I’m so grateful for the fact that there’s an entire month dedicated to the celebration of poetry. As a poet, I sometimes worry that poetry is marginalized by current, maintstream culture. If you look up the New York Times bestseller lists online, none of the categories listed are for poetry. They have categories for children’s picture books and manga, but not poetry. Certainly, there are entire organizations and events devoted to celebrating poetry at any time of the year. Weekly open mic nights dapple the nation. The National Poetry Slam gathers together poets from around the world every summer. Magazines publish pages upon pages of poems every month. It’s not like poetry is only an active force in the world during the month of April. Still, I worry that this force is not as noted as it should be on a regular basis. I worry that people care more about 50 Shades of Grey by E.L. James than they do about Native Guard by Natasha Trethewey. Because of all of this, I find it validating to have a nationally-sanctioned poetry month.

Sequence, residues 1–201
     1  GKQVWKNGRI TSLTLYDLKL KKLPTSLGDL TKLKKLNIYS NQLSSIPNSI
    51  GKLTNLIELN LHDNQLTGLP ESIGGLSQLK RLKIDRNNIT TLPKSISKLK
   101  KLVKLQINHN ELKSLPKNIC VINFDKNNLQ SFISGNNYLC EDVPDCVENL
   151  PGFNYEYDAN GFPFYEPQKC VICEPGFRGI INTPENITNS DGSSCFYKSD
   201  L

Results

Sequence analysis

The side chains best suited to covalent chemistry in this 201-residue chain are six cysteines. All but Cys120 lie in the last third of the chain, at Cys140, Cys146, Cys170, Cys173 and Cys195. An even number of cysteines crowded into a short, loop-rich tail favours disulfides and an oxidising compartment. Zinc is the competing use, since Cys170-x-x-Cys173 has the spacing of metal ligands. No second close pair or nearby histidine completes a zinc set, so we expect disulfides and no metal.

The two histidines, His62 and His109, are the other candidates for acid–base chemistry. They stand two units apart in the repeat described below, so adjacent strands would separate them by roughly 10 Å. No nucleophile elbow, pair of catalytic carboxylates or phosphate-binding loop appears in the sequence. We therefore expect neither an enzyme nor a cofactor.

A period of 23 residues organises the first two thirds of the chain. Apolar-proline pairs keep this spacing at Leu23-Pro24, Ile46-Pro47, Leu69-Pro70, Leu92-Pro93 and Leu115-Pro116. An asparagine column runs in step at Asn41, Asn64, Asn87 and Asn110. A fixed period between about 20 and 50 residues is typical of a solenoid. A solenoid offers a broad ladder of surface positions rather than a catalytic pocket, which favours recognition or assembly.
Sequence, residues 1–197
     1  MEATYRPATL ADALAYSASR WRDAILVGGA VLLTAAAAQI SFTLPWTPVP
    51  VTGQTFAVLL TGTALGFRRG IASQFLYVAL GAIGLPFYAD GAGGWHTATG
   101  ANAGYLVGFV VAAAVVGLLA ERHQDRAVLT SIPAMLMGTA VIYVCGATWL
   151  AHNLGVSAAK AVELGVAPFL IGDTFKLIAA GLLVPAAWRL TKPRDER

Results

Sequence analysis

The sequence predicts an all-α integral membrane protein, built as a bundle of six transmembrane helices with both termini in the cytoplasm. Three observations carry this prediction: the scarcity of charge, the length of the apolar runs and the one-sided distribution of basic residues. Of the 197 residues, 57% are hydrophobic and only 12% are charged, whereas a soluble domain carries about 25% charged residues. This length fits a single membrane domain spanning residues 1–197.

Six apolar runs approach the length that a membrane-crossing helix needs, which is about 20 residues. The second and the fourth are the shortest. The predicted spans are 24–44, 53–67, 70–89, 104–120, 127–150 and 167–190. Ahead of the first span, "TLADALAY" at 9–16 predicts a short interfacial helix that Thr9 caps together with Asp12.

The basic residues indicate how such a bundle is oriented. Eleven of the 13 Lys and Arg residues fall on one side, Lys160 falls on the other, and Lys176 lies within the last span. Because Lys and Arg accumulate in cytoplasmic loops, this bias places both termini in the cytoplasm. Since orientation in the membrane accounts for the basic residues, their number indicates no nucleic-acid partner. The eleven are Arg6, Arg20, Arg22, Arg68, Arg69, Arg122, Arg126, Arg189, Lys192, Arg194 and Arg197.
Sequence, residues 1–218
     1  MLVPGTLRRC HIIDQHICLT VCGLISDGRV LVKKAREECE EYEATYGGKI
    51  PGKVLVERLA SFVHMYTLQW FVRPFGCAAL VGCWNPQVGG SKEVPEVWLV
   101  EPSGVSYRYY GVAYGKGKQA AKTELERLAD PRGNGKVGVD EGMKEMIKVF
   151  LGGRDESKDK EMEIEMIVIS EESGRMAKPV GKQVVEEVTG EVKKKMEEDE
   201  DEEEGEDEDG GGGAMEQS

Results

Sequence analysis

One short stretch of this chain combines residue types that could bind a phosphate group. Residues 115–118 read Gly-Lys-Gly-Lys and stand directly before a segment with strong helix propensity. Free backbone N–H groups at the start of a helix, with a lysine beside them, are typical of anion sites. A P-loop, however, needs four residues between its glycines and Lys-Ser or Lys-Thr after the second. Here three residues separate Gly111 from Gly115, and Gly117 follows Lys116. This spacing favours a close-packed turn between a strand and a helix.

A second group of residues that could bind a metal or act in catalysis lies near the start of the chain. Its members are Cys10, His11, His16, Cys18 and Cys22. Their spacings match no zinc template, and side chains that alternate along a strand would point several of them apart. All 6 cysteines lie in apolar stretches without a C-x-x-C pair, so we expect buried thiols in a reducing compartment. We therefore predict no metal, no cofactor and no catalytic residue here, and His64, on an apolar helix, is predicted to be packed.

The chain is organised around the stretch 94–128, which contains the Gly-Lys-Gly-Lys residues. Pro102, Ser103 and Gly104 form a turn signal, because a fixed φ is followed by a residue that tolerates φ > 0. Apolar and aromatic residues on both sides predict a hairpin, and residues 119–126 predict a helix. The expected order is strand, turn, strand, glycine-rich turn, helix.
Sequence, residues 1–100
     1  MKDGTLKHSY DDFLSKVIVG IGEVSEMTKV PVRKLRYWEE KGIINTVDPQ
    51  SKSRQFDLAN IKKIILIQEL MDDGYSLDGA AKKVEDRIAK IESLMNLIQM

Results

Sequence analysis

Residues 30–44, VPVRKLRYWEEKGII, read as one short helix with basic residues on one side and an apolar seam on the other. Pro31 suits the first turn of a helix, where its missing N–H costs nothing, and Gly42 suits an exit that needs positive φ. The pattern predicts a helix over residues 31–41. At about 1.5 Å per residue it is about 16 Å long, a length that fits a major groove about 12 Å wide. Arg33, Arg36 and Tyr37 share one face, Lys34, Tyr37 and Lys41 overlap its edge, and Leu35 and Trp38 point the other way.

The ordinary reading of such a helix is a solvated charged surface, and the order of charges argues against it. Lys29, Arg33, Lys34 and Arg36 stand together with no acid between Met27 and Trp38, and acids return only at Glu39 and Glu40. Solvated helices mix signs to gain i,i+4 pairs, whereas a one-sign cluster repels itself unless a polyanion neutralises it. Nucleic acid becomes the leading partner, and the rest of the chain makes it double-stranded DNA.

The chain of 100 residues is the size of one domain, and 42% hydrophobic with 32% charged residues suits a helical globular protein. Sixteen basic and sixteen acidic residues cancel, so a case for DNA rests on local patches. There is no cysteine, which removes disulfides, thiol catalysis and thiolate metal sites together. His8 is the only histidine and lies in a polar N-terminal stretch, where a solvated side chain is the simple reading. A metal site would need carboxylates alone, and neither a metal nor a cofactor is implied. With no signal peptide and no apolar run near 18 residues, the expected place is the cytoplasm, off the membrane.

During April, many poets participate in something called a 30/30. This involves writing a poem a day for every day of the month. I’ve done a few 30/30s, in April or otherwise, and have found them to be fruitful pursuits. I haven’t done one in quite awhile, mostly because I’ve been feeling alot of pressure from other areas of life. I figured the last thing I needed was the added stress of having to write a complete poem every single day. This year, I’ve decided to do it. Why? Certainly not because I’m under less pressure. Currently, I’m working as an adjunct college professor. It’s a job that I love, but my adjunct status means that I have to teach twice as many courses to make half as much money as my fulltime counterparts. As a doctoral student, I’m also studying for a candidacy exam that covers 120 authors. I’ll be taking that beauty in May. I’m doing the 30/30 because I have to prioritize my writing in the same way that I prioritize anything else matters to me. That’s not something that the world will do for me. My identity as a writer as just as important to me as my identity as a teacher and a scholar, so I have to treat it accordingly. I think that sometimes non-artists perceive art as a frivolous or trivial vocation. It’s not. I respect my artist self, and I respect yours, too.